News By/Courtesy: Athul Joseph | 26 Jun 2020 11:18am IST

HIGHLIGHTS

  • With the anti-China sentiment among Indians, how should brands with Chinese connections deal with the outrage
  • Indian smartphone makers are not too hopeful over prospects of a reversal in fortunes due to the current anti-Chinese sentiments triggered by the Sino- India border tension.
  • India imports more goods from China than any other country. And over the past decade, India and China have enabled each other's rise as emerging technology powerhouses

On the night of June 15, 2020, Indian and Chinese soldiers were violently confronted in Galway Valley, leaving 20 Indian soldiers dead and many injured. It was the worst fight between the two neighbors in more than four decades. The situation has led to an anti-China uprising across India. The uproar comes at a time when the government itself is vowing 'Made in India' goods, with campaigns such as 'Vocal for Local' and 'Atmanirbhar Bharat.' According to data from the Ministry of Commerce and Industry, China accounted for almost five percent of Indian exports and more than 14 percent of imports in 2019-20. Smartphones, electronic devices, industrial devices, finished steel products, Some of the leading exports were from China (to India). At least half of India's 30 unicorn companies are reportedly funded by Chinese investors. Prominent among them are Zomato, Swiggy, BigBasket, Flipkart, Paytm, OYO, and Ola.

However, after the Galway Valley incident, social media sites were full of demands for a ban on the selling of Chinese goods, with hashtags such as 'BoycottChina,' 'BoycottChina Products,' 'BanChineseProducts' and 'BanChina.' Calls were also made to completely block websites such as TikTok and Club Factory. According to a report published in The Quint, The91Apps, a Noida-based app developer, launched a mobile app that shows the country of origin of the product. According to the market research firm Counterpoint Research, four of India's top five smartphone brands are Chinese. Xiaomi is in the center, followed by Vivo, Realme, and Oppo. Xiaomi, Realme, and another Chinese brand of OnePlus smartphones are vigorously introducing new models, which will be followed by big media advertisement campaigns. But in the present atmosphere, spoilsport can be played. The Indian T20 cricket league IPL said in a tweet that it would be reviewing its sponsors; its title sponsor is Vivo. News channel Republic TV was recently caught up in a bind when it held an 'anti-China' debate, but the sponsors of the series turned out to be Vivo and Xiaomi. Brand endorsements by Bollywood celebrities, too, came under the microscope after the All India Traders Confederation (CAIT) asked the actors to stop endorsing Chinese brands. CAIT also urged the Government to make it compulsory for e-commerce portals to display the 'country of origin' of products while listing them on their websites. Bollywood actor Aamir Khan and cricketer Virat Kohli endorse Vivo; Ranbir Kapoor and Deepika Padukone endorse Oppo; Xiaomi has Ranveer Singh, and Realme has Salman Khan.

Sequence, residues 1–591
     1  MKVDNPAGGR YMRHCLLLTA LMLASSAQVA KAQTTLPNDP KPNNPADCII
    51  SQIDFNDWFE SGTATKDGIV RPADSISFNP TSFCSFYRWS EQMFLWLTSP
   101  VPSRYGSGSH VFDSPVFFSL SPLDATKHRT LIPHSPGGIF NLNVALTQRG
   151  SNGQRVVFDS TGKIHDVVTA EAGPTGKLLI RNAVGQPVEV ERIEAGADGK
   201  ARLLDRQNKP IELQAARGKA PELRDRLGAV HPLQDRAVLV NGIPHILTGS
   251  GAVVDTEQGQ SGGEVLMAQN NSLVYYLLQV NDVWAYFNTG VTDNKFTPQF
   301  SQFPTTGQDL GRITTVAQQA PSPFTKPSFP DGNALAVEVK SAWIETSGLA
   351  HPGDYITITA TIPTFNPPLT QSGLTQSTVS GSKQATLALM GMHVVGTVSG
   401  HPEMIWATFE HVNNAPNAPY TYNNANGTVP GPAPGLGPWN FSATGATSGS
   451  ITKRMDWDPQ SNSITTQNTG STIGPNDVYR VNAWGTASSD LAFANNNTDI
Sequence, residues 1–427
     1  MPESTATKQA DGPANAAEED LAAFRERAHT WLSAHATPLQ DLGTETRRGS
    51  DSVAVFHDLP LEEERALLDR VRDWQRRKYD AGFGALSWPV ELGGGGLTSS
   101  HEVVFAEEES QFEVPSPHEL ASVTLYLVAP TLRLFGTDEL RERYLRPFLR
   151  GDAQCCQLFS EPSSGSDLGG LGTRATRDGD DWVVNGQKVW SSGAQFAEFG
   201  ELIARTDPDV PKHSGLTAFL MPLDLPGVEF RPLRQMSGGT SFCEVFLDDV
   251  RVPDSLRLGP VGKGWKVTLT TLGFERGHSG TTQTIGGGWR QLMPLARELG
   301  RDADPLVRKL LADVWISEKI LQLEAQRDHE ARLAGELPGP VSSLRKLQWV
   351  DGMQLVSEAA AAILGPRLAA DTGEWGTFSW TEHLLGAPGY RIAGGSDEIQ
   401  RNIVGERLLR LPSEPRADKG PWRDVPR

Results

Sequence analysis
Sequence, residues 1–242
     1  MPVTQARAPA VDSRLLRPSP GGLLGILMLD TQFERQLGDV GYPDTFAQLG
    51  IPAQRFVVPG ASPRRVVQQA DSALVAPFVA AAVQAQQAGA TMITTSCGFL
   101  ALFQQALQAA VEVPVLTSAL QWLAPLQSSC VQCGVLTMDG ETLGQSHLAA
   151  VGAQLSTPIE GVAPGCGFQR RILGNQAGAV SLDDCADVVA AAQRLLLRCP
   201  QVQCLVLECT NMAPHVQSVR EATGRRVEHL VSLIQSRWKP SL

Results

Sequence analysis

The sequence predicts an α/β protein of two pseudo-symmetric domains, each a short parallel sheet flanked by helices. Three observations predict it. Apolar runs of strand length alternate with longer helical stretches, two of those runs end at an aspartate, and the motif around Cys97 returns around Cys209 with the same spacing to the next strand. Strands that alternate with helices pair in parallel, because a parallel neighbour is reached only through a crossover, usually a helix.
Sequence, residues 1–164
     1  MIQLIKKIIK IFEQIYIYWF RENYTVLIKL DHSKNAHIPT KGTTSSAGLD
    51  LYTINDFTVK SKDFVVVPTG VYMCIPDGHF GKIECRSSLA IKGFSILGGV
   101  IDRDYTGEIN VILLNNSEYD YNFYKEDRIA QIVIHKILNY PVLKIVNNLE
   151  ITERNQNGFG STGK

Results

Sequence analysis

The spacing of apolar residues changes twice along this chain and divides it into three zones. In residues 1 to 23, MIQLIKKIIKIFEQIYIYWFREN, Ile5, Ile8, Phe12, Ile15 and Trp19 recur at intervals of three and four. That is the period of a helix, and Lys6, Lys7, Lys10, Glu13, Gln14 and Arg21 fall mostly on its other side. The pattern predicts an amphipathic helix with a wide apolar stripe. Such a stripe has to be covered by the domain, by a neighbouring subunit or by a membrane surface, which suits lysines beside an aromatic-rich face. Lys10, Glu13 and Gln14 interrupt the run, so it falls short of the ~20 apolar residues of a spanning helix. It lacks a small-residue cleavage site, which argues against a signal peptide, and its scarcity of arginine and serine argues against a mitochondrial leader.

Indian consumers, though patriotic, are value-seekers at the heart. They go to the brands that offer them the biggest bang for their buck, and not necessarily concentrate on the roots of the brand or product. Today, it is almost impossible to buy/get services in India without any Chinese involvement in the brand/product/service being consumed. For the time being, the latest flare-up at the border and the call for 'Atmanirbhar Bharat' have rekindled anti-China rhetoric. But, as in the past, it's a short-lived one. When needs often outweigh prejudice. The desire for a decent phone, TV, or even a shoe or a dress at low budgets is still likely to tip the scales towards Chinese brands. Also, it is now understood that Chinese brands versus 'Made in China' are different concepts. Many of the items are manufactured in India today, and they get the 'Made in India' tag. However, given current sentiments, it would make sense for brands to lay low for a few weeks until this dies down. As we can see with Xiaomi and Vivo, they are avoiding their current promotions. It's smart to stay out of the fire line. But this does not affect further long-term endorsements. More than brands, the advertising, and the media industry at this time badly needs this infusion of sponsorship dollars. Nonetheless, the latest uproar does not have an impact on the sales volume of Chinese telecommunications and electronics brands. At the end of the consumer, there is a realization that there is a little bit of China in everything around it. If you need to boycott Chinese brands, you need to go frugal. Brand endorsers are caught between the consumer activist and the producer. They will bear the frustration of frustrated customers. But this too shall pass.

THIS ARTICLE DOES NOT INTEND TO HURT THE SENTIMENTS OF ANY INDIVIDUAL, COMMUNITY, SECT, OR RELIGION ETCETERA. THIS ARTICLE IS BASED PURELY ON THE AUTHOR'S PERSONAL VIEWS AND OPINIONS IN THE EXERCISE OF THE FUNDAMENTAL RIGHT GUARANTEED UNDER ARTICLE 19(1)(A) AND OTHER RELATED LAWS BEING FORCE IN INDIA, FOR THE TIME BEING.

Section Editor: Pushpit Singh | 26 Jun 2020 21:30pm IST


Tags : China brands outrage

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